The apostle Paul brings this up in the New Testament. Whenever he writes anything about gender roles and why men should step up and lead, he goes back to Genesis. Paul’s theology of gender roles is grounded in the creation story. He makes a big deal in 1 Corinthians 11 and 1 Timothy 2 about the fact that Adam was formed first. To Paul, there’s an order in creation. God ordered the world, and then he put Adam in it. Adam ordered the garden, and then he put Eve in it. And that order is the template for us to work off of.

Remember that the Genesis story isn’t just a one-off. Adam and Eve’s marriage is a paradigm for all marriages. That’s how I read it, in part because that seems to be how Jesus, and then later Paul, is reading it. If I’m right, that means Adam’s first-ness is more than a history lesson on ancient Hebrew culture. It’s a God-designed order to follow.

And if you think I’m reading too much into one story, there are other signs pointing in the same direction. Eve is made from Adam, from his “rib.” (Guys, don’t let this go to your head. You were made from the dust.) Then she is named by Adam. “She shall be called woman.” In the ancient Near East, naming was a sign of relationship and authority. Then at the end of the story, God states, “That is why a man leaves his father and mother [and his gaming system and free rent with his parents and his part-time job…]… and they become one flesh.”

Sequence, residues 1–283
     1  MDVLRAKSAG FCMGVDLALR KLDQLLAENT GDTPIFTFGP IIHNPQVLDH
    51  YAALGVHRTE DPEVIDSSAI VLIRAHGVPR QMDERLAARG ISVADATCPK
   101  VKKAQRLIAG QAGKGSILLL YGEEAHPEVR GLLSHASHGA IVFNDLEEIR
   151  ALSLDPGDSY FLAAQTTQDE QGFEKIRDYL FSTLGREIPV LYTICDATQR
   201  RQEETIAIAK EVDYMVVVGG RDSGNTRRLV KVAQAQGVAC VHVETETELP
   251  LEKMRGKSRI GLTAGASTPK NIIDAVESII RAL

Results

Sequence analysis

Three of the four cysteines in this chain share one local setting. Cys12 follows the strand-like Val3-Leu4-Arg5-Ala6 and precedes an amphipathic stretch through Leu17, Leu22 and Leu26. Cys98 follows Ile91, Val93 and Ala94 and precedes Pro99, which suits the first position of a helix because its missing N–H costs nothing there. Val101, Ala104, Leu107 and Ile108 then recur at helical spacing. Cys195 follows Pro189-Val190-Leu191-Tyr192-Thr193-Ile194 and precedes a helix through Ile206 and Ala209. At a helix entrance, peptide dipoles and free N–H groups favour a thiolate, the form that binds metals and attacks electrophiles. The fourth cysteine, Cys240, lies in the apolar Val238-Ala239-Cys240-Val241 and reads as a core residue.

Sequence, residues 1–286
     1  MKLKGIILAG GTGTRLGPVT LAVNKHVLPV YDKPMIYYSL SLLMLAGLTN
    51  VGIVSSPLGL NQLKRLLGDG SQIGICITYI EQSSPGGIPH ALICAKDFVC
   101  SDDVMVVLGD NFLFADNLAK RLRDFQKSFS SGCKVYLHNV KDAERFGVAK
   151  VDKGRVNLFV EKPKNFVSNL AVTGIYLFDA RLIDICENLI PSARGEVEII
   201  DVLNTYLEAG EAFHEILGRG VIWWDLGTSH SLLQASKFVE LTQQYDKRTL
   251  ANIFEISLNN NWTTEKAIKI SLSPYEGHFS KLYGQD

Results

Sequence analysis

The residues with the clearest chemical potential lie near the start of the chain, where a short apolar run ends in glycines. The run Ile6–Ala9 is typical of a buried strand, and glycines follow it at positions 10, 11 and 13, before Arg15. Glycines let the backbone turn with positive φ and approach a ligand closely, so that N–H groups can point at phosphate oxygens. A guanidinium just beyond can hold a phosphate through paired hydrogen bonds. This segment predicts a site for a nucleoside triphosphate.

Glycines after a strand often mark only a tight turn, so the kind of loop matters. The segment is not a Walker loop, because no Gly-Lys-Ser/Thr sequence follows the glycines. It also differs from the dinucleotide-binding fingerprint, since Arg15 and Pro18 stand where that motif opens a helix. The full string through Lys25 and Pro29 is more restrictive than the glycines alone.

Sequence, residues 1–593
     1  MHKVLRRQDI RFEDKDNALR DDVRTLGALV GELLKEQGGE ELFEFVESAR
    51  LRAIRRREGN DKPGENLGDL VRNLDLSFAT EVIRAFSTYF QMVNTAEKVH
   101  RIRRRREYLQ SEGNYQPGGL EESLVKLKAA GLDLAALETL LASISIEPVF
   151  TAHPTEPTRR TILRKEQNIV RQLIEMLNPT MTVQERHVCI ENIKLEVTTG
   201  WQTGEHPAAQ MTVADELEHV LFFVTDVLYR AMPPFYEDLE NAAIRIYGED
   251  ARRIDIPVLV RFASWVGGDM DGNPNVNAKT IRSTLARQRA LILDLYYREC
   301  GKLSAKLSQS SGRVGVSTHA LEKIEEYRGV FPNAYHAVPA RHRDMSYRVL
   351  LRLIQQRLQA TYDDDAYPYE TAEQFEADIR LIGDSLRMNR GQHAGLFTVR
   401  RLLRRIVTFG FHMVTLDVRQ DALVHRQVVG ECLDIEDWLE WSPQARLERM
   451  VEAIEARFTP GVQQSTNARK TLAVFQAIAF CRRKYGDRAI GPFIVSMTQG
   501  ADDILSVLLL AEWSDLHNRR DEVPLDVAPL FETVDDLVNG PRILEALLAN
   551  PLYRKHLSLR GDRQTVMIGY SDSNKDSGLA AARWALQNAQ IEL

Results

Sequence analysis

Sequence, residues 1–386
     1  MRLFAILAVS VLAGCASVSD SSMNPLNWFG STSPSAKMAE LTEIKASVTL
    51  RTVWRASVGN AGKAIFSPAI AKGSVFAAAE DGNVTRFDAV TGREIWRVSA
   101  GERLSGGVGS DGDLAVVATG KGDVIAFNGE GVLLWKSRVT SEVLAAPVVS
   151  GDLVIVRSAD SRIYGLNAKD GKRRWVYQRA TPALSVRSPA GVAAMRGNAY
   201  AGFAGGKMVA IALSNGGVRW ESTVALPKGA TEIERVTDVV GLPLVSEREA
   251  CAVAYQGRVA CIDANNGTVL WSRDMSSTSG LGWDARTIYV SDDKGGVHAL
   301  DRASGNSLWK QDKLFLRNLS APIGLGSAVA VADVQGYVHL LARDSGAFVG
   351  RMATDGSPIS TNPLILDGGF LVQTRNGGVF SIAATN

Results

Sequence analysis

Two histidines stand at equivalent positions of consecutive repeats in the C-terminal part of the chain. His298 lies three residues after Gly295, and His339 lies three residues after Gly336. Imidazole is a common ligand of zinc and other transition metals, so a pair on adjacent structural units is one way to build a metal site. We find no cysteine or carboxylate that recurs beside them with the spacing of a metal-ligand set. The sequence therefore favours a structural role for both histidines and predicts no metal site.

Notice, it’s the man who does the leaving, not the woman.

As I read all this evidence, it points to the idea that the man was made to be the leader in the marriage relationship. To clarify, by “lead” I do not mean “domineer.” The word “lead” is so warped I’m not even sure if it works anymore. By “lead” I mean “give your life away for the good of another.” Jesus is the paradigm for leadership.

Eve is made as Adam’s ezer, his partner. She’s the one who comes alongside to get the job done. Her role is vital. Adam is incapable by himself. Without her, the whole thing falls apart. I repeat, she is indispensable. He is not enough all alone.